Re: News on fossil man

Kevin O'Brien (
Thu, 1 Apr 1999 16:54:29 -0700

>> >The Bible would deny that the creation days were long periods of
>> >time....
>> >
>> Actually, that's not true. The Hebrew word for day can mean age or
>> epoch....
>Two points. One, you've taken my statement out of context. I was
>Ross's hypocrisy by pointing out his inconsistency (Ross has one of the
>highest levels of nonsense per paragraph of any prolific book-writer I'm
>familiar with).

I was responding to the statement itself (which can stand alone as an
assertion of fact), not to your comments concerning Ross.

>Two, cut to the chase. You've seen the claim that the
>creation days were 24 hours many times, and you can bet that I've seen your
>argument (day=epoch) countless times. How about revealing how the Bible
>lets us know that it means "epochs" when it says "day" in the first

Why should I, considering that the weight of historical opinion is behind
me, going all the way back to the early church itself. Besides the
references to "evening" and "morning", what can you offer as evidence that
the Bible means "day" when it says "day"?

However, I'll bite. Out of all the evidence I could name, I'll discuss two.
The first concerns the fact that the English version of Genesis 1 looses
many nuances that are clearly evident in the original Hebrew. If you read
Genesis 1 in the original Hebrew you get a clear feeling of great time, as
if God is not trying to rush creation through on a timetable but is taking
His time to make it "good".

The second is the way this account ends, with the sentence, "These are the
generations of the heavens and the earth when they were created." The
Hebrew word translated as generations means "descent" and refers to a family
history. This suggests that each successive stage of creation had to derive
from a previous stage. As such, each stage is no longer simply a period of
time, but an actual period of events, that derive from a previous period of
events and must be completed before the next period of events can occur.
This is more in keeping with natural history than the calendar day timetable
of a literalist interpretation. The implication is thus that each period
has no set time, just a set of events that must be fulfilled. And if there
is no set time, then the references to evening and morning cannot be taken

>Then you can address how things lived without the sun....

First of all, this is somewhat hypocritical, considering that most plants
cannot survive even one day without the sun.

Secondly, Genesis 1 is a quasi-mythical theological statement. The priests
who wrote it were adapting an older mythological motif to express their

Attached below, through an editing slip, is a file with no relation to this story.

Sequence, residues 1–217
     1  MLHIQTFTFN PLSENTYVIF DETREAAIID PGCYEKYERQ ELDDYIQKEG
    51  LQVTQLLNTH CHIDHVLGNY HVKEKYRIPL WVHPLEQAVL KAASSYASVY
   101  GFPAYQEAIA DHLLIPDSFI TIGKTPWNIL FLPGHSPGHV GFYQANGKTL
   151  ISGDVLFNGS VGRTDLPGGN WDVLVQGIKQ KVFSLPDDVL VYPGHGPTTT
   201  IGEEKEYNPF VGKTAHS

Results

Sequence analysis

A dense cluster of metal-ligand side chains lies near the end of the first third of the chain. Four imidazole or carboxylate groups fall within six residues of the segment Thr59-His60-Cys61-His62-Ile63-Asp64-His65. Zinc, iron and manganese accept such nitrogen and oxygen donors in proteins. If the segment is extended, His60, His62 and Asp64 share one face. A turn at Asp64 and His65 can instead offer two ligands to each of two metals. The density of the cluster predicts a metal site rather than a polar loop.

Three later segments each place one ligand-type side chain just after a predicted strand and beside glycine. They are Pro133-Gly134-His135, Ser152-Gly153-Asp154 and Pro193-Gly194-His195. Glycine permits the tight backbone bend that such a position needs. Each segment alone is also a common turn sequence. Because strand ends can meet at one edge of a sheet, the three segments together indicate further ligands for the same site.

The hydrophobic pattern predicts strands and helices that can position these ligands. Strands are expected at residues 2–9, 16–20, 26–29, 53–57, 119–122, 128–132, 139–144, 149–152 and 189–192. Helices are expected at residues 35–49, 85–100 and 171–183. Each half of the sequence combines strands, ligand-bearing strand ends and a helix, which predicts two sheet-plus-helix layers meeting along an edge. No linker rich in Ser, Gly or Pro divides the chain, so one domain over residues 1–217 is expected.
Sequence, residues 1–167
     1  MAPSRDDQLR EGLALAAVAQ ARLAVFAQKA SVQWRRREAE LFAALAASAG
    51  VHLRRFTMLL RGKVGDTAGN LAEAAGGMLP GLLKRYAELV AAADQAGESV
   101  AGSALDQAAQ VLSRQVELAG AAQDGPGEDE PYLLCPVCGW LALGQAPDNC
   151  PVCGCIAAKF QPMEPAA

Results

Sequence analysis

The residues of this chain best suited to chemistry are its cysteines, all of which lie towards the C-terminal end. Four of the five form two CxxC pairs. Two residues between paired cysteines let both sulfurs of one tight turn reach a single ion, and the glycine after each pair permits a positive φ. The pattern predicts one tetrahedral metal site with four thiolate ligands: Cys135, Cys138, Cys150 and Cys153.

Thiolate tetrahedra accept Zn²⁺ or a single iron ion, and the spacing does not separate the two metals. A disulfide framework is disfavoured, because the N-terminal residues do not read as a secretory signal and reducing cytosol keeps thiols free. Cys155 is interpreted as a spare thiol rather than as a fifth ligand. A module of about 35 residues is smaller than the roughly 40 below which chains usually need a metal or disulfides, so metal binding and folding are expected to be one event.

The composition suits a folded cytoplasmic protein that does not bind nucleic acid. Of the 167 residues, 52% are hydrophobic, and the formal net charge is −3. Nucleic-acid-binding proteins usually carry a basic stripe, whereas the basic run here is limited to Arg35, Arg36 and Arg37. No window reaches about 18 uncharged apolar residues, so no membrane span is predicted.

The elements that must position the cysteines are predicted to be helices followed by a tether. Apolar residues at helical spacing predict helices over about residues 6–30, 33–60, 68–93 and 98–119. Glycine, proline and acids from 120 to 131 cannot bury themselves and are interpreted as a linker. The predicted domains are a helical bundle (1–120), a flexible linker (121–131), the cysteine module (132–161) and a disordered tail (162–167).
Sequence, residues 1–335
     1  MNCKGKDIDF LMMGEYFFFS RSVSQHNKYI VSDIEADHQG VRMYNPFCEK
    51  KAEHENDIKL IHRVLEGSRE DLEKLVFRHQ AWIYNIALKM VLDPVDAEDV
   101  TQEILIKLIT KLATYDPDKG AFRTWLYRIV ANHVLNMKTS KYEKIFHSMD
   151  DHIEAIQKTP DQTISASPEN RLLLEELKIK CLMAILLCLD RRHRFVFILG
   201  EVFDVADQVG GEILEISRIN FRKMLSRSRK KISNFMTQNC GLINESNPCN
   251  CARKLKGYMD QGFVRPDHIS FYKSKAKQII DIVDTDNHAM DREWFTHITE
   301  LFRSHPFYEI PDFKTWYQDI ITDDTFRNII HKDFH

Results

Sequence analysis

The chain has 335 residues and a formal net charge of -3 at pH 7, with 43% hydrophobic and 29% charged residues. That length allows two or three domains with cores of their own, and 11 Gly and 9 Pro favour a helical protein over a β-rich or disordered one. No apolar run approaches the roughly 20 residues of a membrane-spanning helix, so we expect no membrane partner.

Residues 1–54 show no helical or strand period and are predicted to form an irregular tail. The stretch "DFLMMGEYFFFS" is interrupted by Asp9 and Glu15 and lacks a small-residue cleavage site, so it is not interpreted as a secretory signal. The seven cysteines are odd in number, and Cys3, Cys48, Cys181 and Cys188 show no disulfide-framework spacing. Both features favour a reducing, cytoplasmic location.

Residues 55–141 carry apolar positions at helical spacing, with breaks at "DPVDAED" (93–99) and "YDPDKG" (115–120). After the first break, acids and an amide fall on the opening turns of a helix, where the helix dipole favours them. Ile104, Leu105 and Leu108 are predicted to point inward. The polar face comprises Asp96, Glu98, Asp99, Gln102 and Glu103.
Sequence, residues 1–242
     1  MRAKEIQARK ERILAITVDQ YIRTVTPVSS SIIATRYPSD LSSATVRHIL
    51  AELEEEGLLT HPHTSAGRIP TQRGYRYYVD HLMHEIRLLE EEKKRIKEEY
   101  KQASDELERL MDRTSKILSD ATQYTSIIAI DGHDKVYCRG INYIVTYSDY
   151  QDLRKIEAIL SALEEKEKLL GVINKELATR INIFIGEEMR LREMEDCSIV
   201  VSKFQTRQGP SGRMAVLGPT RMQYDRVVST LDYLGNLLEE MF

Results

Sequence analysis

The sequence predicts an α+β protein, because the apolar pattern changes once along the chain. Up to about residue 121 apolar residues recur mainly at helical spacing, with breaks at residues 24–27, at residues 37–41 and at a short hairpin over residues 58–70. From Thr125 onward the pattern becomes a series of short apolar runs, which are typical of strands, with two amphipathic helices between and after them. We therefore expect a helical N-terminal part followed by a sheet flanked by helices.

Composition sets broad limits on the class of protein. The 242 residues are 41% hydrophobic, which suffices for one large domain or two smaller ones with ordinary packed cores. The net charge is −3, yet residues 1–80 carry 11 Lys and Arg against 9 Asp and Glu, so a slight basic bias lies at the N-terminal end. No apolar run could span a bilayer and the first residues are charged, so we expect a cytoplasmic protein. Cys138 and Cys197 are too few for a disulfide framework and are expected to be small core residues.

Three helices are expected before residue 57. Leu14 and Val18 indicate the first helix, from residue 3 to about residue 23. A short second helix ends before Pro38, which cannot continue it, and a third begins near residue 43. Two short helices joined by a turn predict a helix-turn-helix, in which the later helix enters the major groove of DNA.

unique theological beliefs. It wasn't meant to express scientific concepts,
such as photosynthesis or natural history. As such, it is irrelevant that
it contains scientific errors. You are treating as literal history an
account that even those who wrote it knew wasn't real history. They
believed that God made the heavens and the earth, but they were not so naive
or arrogant as to believe that He did it as they described.

However, as the account itself states, God made light first, before He made
the sun. We can assume that this light would nourish life as well as the
sun would, couldn't we? Otherwise God made a mistake no human would make,
creating plants before there was a sun to nourish them.

> to reconcile the
>different order with the secular version of Earth's past.

See above.

>You may start
>with the plead "The sun existed first, but only became visible to the
>non-existent human observer on the 4th day."

That's what you creationists offer to explain how plants can survive without
the sun, even though they were created before the sun. It is rather
hypocritical of you to suggest that this apologetic is wrong when in fact
you would probably use it yourself if necessary.

>> Same in what way? The same identical nucleotides, the same identical
>> biochemical apparatus? Obviously true. The same identical
>> sequences, even
>> the same identical genes? Obviously false. Human DNA shows the same
>> kind
>> of diversification pattern that we see when we sequence the same gene
>> from different species, the kind of pattern predicted by evolution.
>What exactly is the pattern, and how does Evolution predict it?

You are asking for a specific pattern. Evolution does not predict a
specific pattern, only a general one. Evolution predicts that if organisms
are descended from each other, then one should be able to see in the protein
and gene sequences a pattern in which the more closely related two species
are phylogenetically, the more similar their sequences should be. If
evolution were not true, one would either predict no sequence differences
between species or a pattern of differences that would be totally random.
Instead, we see in nature a pattern in which twp species that are closely
related by morphology are also closely related by sequence as well. There
are some minor discrepencies, but we have never found a case where two
species thought be closely related morphologically are discovered to be